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Assessing the Impact of Monopoly Toll Road Service Areas


  • John A. Spry

    () (University of St. Thomas)

  • Jocelyn Elise Crowley

    (Rutgers, The State University of New Jersey)


The higher prices on the Garden State Parkway, the Atlantic City Expressway, and the New Jersey Turnpike found in this study demonstrate that consumers face increased prices when there is a government-created monopoly for service providers at rest areas instead of vigorous competition. Prices for gasoline are higher at service areas along the Garden State Parkway and the Atlantic City Expressway. Food prices are dramatically higher at service areas along the Garden State Parkway, the Atlantic City Expressway, and the New Jersey Turnpike. Consumers are clearly worse off when they are paying these marked-up food and gasoline prices on New Jersey's toll roads. As this research has demonstrated, consumer welfare along the GSP and NJT is annually reduced by $5,475,027 because of higher gasoline prices and $26,227,925 because of higher food prices. While these findings focus on the price and quantities of goods sold at monopoly service areas, economic theory also suggests that the quality of customer service may be reduced when competition is absent.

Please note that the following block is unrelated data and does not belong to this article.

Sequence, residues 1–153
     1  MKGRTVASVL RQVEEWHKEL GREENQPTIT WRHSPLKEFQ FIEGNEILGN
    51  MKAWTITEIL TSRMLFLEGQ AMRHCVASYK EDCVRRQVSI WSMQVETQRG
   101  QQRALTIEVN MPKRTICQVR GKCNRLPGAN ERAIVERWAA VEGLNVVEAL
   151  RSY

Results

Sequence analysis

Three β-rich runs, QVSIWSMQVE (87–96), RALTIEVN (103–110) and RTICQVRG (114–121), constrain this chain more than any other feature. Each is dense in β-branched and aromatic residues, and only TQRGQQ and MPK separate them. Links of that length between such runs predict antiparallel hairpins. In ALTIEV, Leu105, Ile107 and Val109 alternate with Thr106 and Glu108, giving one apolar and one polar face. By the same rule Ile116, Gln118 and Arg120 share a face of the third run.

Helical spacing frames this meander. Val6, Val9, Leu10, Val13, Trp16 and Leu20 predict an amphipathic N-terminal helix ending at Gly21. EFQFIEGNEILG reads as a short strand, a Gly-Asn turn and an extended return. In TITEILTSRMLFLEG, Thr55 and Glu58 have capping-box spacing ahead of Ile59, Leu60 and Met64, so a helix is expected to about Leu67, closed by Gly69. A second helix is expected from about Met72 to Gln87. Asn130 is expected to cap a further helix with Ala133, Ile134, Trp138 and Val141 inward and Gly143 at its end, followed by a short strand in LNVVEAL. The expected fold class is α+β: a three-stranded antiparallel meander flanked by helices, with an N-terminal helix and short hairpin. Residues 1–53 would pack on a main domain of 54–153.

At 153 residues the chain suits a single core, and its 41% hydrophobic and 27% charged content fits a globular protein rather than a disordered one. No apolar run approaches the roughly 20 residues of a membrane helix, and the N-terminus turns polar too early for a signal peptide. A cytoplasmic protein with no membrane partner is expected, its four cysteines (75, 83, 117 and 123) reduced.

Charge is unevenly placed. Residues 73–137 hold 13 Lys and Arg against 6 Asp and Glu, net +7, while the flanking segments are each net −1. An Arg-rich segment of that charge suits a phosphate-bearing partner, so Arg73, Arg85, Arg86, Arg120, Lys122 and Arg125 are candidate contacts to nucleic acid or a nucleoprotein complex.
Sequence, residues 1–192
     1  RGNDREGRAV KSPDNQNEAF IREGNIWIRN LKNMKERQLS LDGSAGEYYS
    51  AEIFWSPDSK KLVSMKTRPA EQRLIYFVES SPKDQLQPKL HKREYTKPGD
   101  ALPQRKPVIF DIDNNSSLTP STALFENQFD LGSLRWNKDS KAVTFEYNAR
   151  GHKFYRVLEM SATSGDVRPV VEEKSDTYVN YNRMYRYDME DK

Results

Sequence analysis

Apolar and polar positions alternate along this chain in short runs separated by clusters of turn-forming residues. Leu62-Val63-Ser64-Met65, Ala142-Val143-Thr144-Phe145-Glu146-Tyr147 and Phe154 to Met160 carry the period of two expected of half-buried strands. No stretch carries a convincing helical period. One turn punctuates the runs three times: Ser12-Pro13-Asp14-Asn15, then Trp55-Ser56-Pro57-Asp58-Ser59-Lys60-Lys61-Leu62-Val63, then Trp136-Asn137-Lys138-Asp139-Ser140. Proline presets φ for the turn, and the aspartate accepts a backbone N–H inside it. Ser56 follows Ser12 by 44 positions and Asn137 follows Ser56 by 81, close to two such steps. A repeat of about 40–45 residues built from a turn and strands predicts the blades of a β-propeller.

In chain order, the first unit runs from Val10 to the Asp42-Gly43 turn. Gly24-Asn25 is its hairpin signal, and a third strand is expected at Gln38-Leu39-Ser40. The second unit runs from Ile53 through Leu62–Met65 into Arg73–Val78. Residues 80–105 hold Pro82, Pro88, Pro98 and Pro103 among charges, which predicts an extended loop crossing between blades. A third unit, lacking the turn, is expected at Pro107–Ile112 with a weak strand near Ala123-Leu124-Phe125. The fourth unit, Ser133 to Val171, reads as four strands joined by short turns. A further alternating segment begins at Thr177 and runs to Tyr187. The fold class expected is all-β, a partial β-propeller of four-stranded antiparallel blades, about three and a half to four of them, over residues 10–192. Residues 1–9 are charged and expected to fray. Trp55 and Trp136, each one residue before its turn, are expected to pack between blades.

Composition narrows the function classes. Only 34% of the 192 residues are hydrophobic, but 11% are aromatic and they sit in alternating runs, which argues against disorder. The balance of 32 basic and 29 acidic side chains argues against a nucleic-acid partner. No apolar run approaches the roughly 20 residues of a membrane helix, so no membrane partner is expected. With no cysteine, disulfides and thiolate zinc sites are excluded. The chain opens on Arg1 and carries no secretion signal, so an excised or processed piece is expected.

Suggested Citation

  • John A. Spry & Jocelyn Elise Crowley, 2004. "Assessing the Impact of Monopoly Toll Road Service Areas," Eastern Economic Journal, Eastern Economic Association, vol. 30(3), pages 393-409, Summer.
  • Handle: RePEc:eej:eeconj:v:30:y:2004:i:3:p:393-409

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    Roads; Tolls;

    JEL classification:

    • L33 - Industrial Organization - - Nonprofit Organizations and Public Enterprise - - - Comparison of Public and Private Enterprise and Nonprofit Institutions; Privatization; Contracting Out
    • R48 - Urban, Rural, Regional, Real Estate, and Transportation Economics - - Transportation Economics - - - Government Pricing and Policy


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